Digital Dimdima
Under One Flag
The Light Has Gone Out
India Wins Freedom
Apostle of Peace
The Last War of Independence
Quit India
Leave India to God… or to Anarchy
Gandhi and Ambedkar
A Pinch of Salt!
Saga of Indian Revolutionaries
Bardoli
Gandhiji Withdraws from Political Activities
The Himalayan Blunder
A People Reject Their Rulers
Jallianwala — The Aftermath
Massacre at Jallianwala Bagh
The Gentle Satyagrahi
Gandhi in Champaran
Carrot and Stick
Revolutionaries Outside India
Heroes and Martyrs
Gandhi in South Africa
From Swadeshi to Swaraj
Swadeshi Enterprise
The New Spirit of India
The Great Divide
Partition of Bengal
The Battle is Taken to the Legislature!
The Monk Who Shook The Nation
Father of Indian Unrest
An Old Man's Dream
Women : Crossing the Threshold
The Battle Lines are Drawn
The Battle For A Free Press
Pressing On !
Europeans Take To The Street!
The British Raj in Black and White
Mamool Raj
The One-Man Army
Hunger Deaths
The Delhi Durbar
Return to Swadeshi
Barbarous Britannia
‘Rani Ka Hookum’
Perishing in Peace
The Blue Mutiny
English Education
The Trial of the Last Emperor
Roll of Honour
The Empire Strikes Back
British Authority Collapses
Sepoys on the Move
Tribal Uprisings
The Empire Builders
For God and Country

The Trial of the Last Emperor

 
Had Bahadur Shah Zafar been conversant with international law, he might have questioned the very legitimacy of the trial he was made to face.
The last Mughal was charged with sedition which means acting rebelliously or promoting rebellion against the government. But who constituted the government of India in 1857? Technically, Bahadur Shah himself. He was the Emperor of India, and though he had lost all power, he was the legal ruler of the country. The East India Company was only an agent of the Mughal emperor, that status having been given to it by Shah Alam in 1764. So how could the emperor be charged with sedition? Was he rebelling against his own government?
The Company could have abolished the title of Badshah as suggested by Lord Dalhousie but it chose not to. Bahadur Shah was past 80, and was ailing. The Company preferred to wait for the death of the emperor to remove the legal anomaly which recognized the Mughal emperor as a de jure ruler while the Company constituted the de facto government.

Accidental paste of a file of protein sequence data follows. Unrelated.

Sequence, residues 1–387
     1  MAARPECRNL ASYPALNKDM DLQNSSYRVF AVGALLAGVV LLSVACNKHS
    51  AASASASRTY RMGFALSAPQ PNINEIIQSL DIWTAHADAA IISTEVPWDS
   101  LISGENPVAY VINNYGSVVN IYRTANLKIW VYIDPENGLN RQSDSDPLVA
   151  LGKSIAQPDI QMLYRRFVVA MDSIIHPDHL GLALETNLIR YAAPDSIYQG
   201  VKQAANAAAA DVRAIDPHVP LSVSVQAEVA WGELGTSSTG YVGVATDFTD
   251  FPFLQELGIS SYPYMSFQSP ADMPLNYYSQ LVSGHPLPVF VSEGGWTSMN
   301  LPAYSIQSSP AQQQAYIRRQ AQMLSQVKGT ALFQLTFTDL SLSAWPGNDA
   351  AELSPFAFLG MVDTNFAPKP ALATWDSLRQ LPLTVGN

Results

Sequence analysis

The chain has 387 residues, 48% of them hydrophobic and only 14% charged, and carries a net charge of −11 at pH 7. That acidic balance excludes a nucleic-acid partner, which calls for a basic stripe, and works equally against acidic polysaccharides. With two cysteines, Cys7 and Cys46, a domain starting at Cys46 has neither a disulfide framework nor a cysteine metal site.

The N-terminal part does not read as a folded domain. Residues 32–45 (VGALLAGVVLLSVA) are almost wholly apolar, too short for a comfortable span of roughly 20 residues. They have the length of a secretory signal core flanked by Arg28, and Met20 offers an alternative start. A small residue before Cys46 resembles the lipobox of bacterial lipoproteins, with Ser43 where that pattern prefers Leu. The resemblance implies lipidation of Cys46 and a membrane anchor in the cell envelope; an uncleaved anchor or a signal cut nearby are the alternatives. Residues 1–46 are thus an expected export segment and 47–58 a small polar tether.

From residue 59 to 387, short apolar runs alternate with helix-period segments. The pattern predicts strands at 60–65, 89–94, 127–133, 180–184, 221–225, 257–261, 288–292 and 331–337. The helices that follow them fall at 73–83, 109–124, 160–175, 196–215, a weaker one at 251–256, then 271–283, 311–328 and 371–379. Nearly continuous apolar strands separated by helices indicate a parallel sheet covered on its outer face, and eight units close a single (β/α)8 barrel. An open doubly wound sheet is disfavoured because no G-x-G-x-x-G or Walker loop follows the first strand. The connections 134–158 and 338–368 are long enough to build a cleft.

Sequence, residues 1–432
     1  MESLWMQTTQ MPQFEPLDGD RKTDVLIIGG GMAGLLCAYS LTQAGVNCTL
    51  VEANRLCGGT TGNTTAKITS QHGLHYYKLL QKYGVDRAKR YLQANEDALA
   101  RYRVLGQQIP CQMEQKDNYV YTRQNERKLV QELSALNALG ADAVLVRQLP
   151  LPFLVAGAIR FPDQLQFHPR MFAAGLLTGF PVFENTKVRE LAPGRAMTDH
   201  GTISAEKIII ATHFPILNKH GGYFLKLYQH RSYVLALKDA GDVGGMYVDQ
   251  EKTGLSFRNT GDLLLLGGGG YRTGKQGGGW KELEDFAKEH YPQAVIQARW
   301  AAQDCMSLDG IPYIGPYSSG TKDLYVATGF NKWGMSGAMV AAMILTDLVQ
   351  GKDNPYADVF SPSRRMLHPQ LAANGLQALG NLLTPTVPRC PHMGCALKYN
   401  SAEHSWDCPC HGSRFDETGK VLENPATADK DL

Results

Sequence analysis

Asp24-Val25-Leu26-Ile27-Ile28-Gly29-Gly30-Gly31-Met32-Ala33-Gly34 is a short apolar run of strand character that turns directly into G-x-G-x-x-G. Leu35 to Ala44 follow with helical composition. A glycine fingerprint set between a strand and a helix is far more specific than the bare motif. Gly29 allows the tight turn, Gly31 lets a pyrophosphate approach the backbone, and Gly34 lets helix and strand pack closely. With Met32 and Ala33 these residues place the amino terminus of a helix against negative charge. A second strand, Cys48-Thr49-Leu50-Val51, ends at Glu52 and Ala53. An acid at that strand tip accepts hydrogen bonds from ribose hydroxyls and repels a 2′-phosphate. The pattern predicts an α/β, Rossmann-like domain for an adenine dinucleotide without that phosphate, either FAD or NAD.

Maulana Azad argues that even the so called mutiny could not be considered a mutiny as the sepoys did not revolt against the sovereign of the land i.e. Bahadur Shah; when the army denied the authority of the Company, it appealed to the Emperor to resume his sway.
However, these finer legal points were not raised before the commission constituted by the company to hold Bahadur Shah's trial. The emperor was not provided with legal assistance. He was too old and infirm to understand the implications of the trial at which he was pronounced guilty and exiled to Rangoon. Indian legal experts like B.R. Agarwala describe the trial of Bahadur Shah as a farce.

1857 in Cold Print

Newspapers in India wrote extensively on the happenings in 1857–59. Commenting on reports in a prominent pro-British paper, Sir George Trevelyan observed:
"...Every column teemed with invectives which at that time seemed coarse and tedious, but which we must now pronounce to be wicked and blasphemous. For what could be more audacious than to assert that Providence had granted us a right to destroy a nation in our wrath? — to slay and burn, and plunder, not in the cause of order and civilization, but in the name of our insatiable vengeance, and our imperial displeasure..."
Several Indian papers of Bombay (Mumbai) such as the Bombay Samachar, the Jam-e-Jamshed and the Rast Goftar defended their countrymen against the attack of British journalists. 
Three papers, Durbin, Sultan-ul-Akhbar, and Samachar Sudhavarshan were prosecuted for writing seditious articles. In Calcutta, Bengal Hurkaru was suspended for six days until its editor S.L. Blanchand resigned.
Harischandra Mukherji the editor of the Hindoo Patriot, presented a balanced view of the situation prevailing in the country. His writings clearly showed that there was no danger to the government and that there was no need to introduce the harsh measures against Indians advocated by some Englishmen.

The Reaction Abroad

In an article published on 31 July 1857 in the New York Daily Tribune, Karl Marx wrote, "By and by there will ooze out other facts able to convince even John Bull himself that what he considers a military mutiny is in truth a national revolt".
In the same newspaper on 8 May 1858 the social scientist, Friedrich Engels wrote on the excesses of the British army:
"…The fact is, there is no army in Europe or America with so much brutality as the British. Plundering, violence, massacre—things that everywhere else are strictly and completely banished—are a time-honoured privilege, a vested right of the British soldier….For twelve days and nights there was no British army at Lucknow—nothing but a lawless, drunken, brutal rabble, dissolved into bands of robbers far more lawless, violent and greedy than the sepoys who had just been driven out of the place. The sack of Lucknow in 
1858 will remain an 
everlasting disgrace to the British military service…"

       Go to   Next Page

Liked This Article? Then Rate It.

 Select A
 DIMDIMA Site

 

 


Terms of Use | Site Map | Privacy Policy | Testimonials | Feedback | About Us | Contact Us |  Link to Us | Links | Advertise with Us
Copyright © 2014 dimdima.com. All Rights Reserved.